Arctic ice cap melting at record speed

Publish date: October 21, 2011

The Arctic summer ice cap might be completely gone within a decade, according to new research. Until recently, scientists believed it would take between 50 and 100 years. “Alarming news”, says Svend Søyland at The Bellona Foundation.

By using a modified sonar on the ocean bed and measuring the thickness of ice that flows by, researchers from The Norwegian Polar Institute have been able to get more accurate measurements of ice conditions.

Devastating effect

“Their dramatic findings confirm that the ice is melting away at tremendous speed. The effect on the Arctic environment and the global climate is potentially devastating,” says climate adviser Svend Søyland at The Bellona Foundation.

“Locally, in the Arctic, the rapid deterioration of the ice cap will destroy the natural habitat of polar species, such as polar bears, walrus, fish and birds. Globally, the effect on our climate will be further heating of the oceans. The abilitiy to store CO2 in the oceans is already pushed to the limit,” says Søyland. 

Vicious circle

For 20 years, scientists from the Norwegian Polar Institute have monitored ice thickness in the Fram Strait, between Greenland and the Svalbard Archipelago. According to their data, the thickness of the ice cap has been gradually decreasing. The thickest layer was lost in the 1990s. Now, we are close to the point where multiyear ice, which ordinarily survives the summer melting season, can melt away during the course of one summer.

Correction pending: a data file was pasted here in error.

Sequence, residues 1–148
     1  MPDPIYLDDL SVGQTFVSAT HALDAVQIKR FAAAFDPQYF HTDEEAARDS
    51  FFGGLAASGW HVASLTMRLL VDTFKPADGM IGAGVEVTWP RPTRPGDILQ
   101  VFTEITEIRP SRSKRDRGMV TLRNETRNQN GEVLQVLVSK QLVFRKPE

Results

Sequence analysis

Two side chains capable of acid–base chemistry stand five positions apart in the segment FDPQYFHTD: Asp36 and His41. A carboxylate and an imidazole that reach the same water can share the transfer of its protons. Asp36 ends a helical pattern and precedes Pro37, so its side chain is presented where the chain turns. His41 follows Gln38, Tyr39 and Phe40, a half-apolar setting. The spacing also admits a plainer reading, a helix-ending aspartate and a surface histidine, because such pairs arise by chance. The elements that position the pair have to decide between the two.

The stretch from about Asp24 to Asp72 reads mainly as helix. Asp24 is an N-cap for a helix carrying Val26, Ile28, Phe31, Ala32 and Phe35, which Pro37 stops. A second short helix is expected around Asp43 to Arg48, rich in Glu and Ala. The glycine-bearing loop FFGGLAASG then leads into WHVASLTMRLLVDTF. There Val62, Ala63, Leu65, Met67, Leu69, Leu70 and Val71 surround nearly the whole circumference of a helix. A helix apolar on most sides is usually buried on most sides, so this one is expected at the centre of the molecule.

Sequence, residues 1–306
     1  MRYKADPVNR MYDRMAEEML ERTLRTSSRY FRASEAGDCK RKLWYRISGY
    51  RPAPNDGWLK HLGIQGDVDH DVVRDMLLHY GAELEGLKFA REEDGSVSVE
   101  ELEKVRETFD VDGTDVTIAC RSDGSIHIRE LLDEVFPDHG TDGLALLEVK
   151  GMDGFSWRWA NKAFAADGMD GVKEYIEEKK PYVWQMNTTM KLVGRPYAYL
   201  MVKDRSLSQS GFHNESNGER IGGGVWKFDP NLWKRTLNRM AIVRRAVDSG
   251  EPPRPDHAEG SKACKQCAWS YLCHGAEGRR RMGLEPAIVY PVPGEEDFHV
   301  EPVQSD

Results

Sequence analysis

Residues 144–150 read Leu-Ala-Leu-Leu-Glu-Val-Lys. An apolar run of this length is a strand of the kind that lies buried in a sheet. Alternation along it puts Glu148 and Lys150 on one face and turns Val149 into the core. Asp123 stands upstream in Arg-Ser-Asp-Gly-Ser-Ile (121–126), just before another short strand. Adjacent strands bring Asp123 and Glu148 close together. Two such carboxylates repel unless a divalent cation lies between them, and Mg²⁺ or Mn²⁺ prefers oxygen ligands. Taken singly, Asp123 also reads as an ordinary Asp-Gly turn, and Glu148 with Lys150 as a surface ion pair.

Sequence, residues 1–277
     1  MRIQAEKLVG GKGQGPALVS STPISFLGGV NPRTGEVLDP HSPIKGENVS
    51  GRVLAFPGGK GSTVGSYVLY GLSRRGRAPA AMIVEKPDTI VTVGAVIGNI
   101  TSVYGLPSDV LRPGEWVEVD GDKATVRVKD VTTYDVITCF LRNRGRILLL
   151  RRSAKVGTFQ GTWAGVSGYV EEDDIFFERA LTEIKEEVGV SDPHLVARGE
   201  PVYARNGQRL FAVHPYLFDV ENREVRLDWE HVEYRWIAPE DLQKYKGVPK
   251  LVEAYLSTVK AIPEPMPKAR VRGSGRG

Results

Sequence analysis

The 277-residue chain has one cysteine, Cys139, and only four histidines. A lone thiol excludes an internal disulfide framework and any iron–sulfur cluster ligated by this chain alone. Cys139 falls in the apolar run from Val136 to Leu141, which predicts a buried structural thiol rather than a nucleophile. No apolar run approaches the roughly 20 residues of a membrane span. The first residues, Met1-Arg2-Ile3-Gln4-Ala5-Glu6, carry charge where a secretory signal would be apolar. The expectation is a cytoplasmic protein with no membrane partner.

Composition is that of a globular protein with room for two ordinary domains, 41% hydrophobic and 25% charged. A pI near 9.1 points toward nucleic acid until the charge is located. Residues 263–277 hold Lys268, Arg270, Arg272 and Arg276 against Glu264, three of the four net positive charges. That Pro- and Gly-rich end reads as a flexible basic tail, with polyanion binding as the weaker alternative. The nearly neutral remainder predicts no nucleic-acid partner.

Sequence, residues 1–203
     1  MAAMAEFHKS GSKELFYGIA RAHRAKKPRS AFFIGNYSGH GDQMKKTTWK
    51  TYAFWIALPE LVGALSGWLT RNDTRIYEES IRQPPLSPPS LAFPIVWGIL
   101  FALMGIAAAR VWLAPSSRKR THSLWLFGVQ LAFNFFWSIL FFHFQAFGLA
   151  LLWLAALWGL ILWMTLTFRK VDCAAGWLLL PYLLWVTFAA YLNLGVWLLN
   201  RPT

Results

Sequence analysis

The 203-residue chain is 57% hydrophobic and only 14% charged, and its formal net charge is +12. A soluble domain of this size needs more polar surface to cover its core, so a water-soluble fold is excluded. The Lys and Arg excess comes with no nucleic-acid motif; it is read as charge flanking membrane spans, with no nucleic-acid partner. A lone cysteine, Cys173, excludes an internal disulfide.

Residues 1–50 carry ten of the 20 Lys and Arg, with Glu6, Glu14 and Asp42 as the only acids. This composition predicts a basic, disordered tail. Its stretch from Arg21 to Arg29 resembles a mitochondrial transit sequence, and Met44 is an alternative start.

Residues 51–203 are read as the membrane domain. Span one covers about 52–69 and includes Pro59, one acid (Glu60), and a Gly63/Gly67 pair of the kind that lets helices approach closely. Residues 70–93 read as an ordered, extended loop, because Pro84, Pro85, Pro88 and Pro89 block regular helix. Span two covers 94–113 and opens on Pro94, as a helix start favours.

“It is a vicious circle. When the ice cover recedes, less light is reflected back into space and the ocean will therefore become warmer – speeding up the melting of the polar ice even further,” says Søyland.

Norwegian restraint and leadership

“The Norwegian Government must show leadership by restricting oil and gas activities in the Arctic, as well as put restrictions on the emerging maritime activities, such as crossings trough the Northern sea route,” says Søyland.

“Perhaps we should follow the example from the Antarctic Treaty by declaring areas off-limits to commercial activities, in order to prevent air emissions, accidental oil spills and save vulnerable spawning areas,” he adds. 

Bellona believes Norway can play an important role in, for instance, negotiating a robust oil spill preparedness cooperation programme between the Arctic nations.


Contact information:

Svend Søyland, Climate Avdviser at The Bellona Foundation.
+ 47 474 87 930 or

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